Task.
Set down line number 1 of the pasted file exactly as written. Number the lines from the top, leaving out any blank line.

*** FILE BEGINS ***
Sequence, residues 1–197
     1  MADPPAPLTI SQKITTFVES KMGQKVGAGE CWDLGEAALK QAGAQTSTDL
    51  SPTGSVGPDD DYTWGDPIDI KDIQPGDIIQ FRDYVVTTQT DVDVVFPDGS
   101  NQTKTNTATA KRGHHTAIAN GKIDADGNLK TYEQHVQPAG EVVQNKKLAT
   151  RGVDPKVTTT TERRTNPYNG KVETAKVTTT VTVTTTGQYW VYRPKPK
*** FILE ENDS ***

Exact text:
Sequence, residues 1–197